'Lucky to be alive': Shrewsbury family's home hit by lightning - with video
A Shrewsbury mother and her two children say they are thankful to be alive after their home was wrecked by a lightning strike.
Victoria Ireland’s rented house was ravaged by fire, flooding and electrical explosions caused by the strike on August 9.
But Victoria is just thankful that she and her eight-year-old son and five-year-old daughter were out for tea at the time, as she was later told by the fire service that they could have been electrocuted had they been at home.
The only member of the family who was in the house at the time, three-year-old King Charles Spaniel Heidi, was unharmed.
“We were having food at the Oxon Priory when we heard a loud bang,” Victoria said.
“Everything shook. I said we had better get home as the dog doesn’t like lightning, so thankfully we went home earlier than we would have done.
“At the house the box that covers the phone wires had blown off so there were wires all over the road, but there was no fire or anything from the outside.
“I opened the door and water was pouring through the ceiling. I didn’t know what was going on so I ran upstairs and there was smoke in the bedrooms.
“I didn’t have a clue what had happened but I never thought it was lightning.”
A terrified Victoria called her brother who advised her to switch off the water, electricity and gas. It was only then that she contacted the fire service, and when they arrived at the house in Everley Close, Bicton Heath, they discovered what had caused the chaos.
A bolt of lightning had struck the TV aerial, sparking a fire in the attic and causing the phone lines to blow up along with electric items throughout the house including the fridge, washing machine and TV.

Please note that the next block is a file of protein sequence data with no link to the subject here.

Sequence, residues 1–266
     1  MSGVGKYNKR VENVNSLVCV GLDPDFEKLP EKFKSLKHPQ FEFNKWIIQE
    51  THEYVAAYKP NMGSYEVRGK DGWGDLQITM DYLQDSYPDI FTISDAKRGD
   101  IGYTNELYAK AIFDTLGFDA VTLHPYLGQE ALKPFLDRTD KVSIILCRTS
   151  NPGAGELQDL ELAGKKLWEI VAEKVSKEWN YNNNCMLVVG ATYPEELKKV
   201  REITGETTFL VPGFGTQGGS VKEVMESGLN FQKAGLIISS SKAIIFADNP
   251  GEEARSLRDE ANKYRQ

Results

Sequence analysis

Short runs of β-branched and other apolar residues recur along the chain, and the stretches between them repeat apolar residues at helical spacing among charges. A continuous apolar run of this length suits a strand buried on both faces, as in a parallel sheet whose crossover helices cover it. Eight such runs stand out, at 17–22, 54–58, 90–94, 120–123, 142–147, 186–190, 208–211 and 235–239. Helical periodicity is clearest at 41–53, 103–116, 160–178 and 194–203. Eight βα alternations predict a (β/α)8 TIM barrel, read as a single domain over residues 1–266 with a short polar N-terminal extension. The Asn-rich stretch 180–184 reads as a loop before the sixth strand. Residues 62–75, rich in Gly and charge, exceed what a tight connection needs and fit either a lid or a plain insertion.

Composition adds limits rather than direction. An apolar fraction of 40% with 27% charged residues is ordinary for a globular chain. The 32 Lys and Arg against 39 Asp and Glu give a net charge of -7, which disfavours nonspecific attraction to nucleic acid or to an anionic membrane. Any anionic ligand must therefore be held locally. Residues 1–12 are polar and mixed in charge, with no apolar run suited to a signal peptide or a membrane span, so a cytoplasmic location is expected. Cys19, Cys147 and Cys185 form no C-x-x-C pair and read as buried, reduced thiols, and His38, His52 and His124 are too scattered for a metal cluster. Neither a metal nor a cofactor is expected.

“The fire service said we could have been electrocuted,” said Victoria.
“Over the summer my children have been on their devices, sometimes when they are on charge, and if they had been on them at the time they would have been electrocuted.
“They said we were very lucky.”
The water tank in the attic had also exploded, leaving a hole in Victoria’s bedroom ceiling, and water had rushed down through the house.
The freak incident left the family homeless, with the house uninhabitable and the tenancy voided due to an ‘Act of God’ clause in the rental agreement.
By chance Victoria had already given notice on the property and had another house ready to move into on September 8, but that has been brought forward so her children will be settled in by the start of the new school term. In the meantime they have been staying with family and friends.
However, the impending move had led Victoria to cancel her contents insurance policy, meaning she had no means of replacing the belongings that were destroyed, until the RAF Benevolent Fund stepped in to help.
Victoria now wants to thank the friends, family, neighbours and the charity who have rallied to support her and her children.
She added: “You don’t imagine lightning will strike your house.
“It has been a big shock for my children but we are hopefully going to be in our new house this week.
“The main thing is that we are just so lucky we were not at home.”